Daily Digest

TVA focusing on solar and natural gas for new power plants

UTILITIES: TVA officials see the agency relying far more on natural gas and renewable energy, especially solar power, to deal with shifting regulations. Environmental groups hailed it as an important first step but said TVA has not gone far enough. (News Channel 5, Nashville)

CLIMATE:
• Florida Gov. Scott denies banning use of “global warming” or “climate change” by state environmental staff. (Miami Herald)
•  A New York Times editorial blasts Senate Republican Majority Leader Mitch McConnell of Kentucky for urging states to undermine the Obama administration’s efforts to regulate power plant emissions of carbon dioxide. (The New York Times)

SOLAR:
•  At least in TVA’s service territory, Alabamans have good reason to seriously consider solar power. (AL.com)
•  A North Carolina paper company cut its monthly energy bill from about $15,000 per month to about $1,500 with the installation of a new solar power system and LED lighting. (Hickory Daily Record)
•  Principal Solar of Dallas said it will build a $154 million, 72 megawatt solar energy facility near St. Pauls, North Carolina. This follows the company announcing last month a $173 million, 78 megawatt solar farm near Hope Mills, North Carolina.  (Fayetteville Observer)

ELECTRIC VEHICLES: Compromise legislation that would let California-based Tesla Motors sell an unlimited number of its all-electric sedans in Georgia at five locations cleared a state House committee Monday. (Atlanta Business Chronicle)

LEED:  Georgia moves into USGBC’s list of Top Ten states for LEED buildings in 2014. (ACHR News)

NUCLEAR WASTE: Given South Carolina’s legacy of radioactive waste, one lawmaker asserts South Carolina should reduce its waste burden, not add to it. (The State)

COAL:
•  Accused mining boss Don Blankenship fires backs at federal prosecutors over grand jury’s investigation of 2010 explosion at the Upper Big Branch mine near Beckley, WV. (Forbes)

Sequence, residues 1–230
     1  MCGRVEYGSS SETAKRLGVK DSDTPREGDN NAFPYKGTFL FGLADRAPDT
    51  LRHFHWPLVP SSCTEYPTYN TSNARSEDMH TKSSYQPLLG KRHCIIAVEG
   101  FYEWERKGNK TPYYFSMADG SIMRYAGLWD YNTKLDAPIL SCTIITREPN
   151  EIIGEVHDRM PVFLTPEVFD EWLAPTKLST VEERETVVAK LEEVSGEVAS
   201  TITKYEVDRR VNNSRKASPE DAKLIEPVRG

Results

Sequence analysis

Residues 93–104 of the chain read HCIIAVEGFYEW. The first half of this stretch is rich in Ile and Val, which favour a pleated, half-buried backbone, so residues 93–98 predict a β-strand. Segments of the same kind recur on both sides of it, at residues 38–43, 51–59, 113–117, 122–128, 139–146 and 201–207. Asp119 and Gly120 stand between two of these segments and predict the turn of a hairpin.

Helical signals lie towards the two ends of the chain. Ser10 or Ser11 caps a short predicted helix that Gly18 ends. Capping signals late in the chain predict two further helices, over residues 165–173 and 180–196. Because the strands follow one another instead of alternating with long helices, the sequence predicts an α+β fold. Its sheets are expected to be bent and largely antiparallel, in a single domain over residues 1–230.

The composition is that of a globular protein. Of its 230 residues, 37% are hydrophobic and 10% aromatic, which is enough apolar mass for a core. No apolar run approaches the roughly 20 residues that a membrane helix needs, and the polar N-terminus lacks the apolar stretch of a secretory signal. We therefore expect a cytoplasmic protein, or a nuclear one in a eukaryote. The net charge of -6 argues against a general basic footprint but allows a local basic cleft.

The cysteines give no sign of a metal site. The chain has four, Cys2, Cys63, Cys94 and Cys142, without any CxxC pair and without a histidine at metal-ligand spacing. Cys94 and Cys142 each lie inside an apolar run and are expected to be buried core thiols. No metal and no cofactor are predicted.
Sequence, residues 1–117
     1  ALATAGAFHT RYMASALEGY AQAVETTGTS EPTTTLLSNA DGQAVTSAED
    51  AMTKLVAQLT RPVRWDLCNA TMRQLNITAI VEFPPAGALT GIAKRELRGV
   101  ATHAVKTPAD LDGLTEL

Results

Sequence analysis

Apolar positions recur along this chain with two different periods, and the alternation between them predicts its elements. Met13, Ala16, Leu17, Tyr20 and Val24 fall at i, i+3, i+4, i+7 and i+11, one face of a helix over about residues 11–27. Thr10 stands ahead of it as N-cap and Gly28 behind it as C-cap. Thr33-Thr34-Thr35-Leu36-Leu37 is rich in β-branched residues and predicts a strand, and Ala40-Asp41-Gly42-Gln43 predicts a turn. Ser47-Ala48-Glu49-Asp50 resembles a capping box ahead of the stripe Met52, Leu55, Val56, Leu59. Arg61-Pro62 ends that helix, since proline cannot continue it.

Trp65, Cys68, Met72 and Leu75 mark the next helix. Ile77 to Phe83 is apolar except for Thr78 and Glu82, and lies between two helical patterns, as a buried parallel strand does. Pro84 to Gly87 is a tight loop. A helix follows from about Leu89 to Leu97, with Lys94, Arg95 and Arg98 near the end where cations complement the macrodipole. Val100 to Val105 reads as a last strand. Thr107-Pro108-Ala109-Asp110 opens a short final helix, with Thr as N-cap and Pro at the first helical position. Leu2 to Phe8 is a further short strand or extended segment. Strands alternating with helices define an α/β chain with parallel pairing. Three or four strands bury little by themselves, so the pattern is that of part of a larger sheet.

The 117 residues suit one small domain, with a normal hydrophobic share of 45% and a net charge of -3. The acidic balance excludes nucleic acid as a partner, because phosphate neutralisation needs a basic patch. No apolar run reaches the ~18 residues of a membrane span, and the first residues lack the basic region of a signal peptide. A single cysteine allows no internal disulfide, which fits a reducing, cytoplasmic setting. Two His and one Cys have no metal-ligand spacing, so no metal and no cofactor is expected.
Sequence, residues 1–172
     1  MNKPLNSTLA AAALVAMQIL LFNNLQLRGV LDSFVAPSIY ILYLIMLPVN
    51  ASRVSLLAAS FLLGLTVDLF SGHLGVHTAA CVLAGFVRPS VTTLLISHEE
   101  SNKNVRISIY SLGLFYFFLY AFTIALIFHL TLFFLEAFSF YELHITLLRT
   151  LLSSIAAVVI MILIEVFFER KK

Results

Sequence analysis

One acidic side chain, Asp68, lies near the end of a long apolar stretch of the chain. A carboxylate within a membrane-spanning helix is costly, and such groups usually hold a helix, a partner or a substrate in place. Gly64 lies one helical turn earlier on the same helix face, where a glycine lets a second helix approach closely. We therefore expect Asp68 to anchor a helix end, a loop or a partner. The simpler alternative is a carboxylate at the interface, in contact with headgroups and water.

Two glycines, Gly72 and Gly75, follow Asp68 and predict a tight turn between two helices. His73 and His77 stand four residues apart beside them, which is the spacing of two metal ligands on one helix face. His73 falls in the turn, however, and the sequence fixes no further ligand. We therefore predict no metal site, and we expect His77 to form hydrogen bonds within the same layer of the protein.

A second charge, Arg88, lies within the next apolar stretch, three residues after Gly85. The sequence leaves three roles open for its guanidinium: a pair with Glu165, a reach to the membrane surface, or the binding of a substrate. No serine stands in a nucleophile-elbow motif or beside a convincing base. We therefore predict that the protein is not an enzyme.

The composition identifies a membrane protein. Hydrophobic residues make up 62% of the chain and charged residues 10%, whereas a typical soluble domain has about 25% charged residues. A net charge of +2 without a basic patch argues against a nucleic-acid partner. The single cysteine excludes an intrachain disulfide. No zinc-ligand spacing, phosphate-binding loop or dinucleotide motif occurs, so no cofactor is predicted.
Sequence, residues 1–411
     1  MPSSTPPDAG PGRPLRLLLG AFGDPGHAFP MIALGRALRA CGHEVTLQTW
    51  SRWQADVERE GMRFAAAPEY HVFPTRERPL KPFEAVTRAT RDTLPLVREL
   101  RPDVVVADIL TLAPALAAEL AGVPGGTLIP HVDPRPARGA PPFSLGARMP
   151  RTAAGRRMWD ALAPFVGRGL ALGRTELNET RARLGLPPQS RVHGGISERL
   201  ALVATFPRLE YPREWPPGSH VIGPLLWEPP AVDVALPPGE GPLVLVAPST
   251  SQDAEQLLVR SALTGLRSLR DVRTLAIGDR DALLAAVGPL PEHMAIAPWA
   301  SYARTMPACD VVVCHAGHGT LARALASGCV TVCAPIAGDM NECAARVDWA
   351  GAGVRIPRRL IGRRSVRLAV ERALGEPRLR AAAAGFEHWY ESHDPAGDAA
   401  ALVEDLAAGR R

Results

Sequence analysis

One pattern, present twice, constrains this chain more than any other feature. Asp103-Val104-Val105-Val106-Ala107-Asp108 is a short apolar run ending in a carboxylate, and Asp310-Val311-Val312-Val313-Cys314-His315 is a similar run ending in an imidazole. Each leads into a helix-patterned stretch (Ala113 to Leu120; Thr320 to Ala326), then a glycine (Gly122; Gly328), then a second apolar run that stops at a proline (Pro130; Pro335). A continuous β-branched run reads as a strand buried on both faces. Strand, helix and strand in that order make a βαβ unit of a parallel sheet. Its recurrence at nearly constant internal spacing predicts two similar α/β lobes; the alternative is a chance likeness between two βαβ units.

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Arkansas joins states challenging the U.S. EPA’s proposed carbon regulations, which point to a 45 percent reduction of emissions in Arkansas because of the state’s reliance on coal-fired plants. (Northwest Arkansas Democrat Gazette)
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Federal regulators issued more than a dozen citations to Murray Energy’s West Virginia coal mine near Cameron in the week prior to an accident that killed one worker and injured two others. (West Virginia Public Broadcasting)
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Murray Energy has identified the coal miner who died late Sunday after a roof collapse at its mine near Cameron, West Virginia as John M. “Mike” Garloch of Neffs, Ohio, a management employee. (Wheeling News Register)
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The Kentucky energy department released a documentary about challenges posed by the retirement of the state’s coal-fired power plants. (WFPL radio, Louisville)

OIL & GAS:
•  Three North Carolina Republican lawmakers want a state environmental panel to set limits on toxic emissions from natural gas exploration through hydraulic fracturing, or fracking. (Hickory Daily Record)
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The Louisiana congressional delegation is stepping up efforts to block a budget proposal by the Obama administration to reverse 2006 energy legislation providing revenue sharing to Louisiana and three other Gulf states for off-shore oil and gas production. (New Orleans Times-Picayune)
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North Carolina Property owners along the path of the proposed Atlantic Coast Pipeline argued it would depress their property values and challenged the economic benefits. (Fayetteville Observer)

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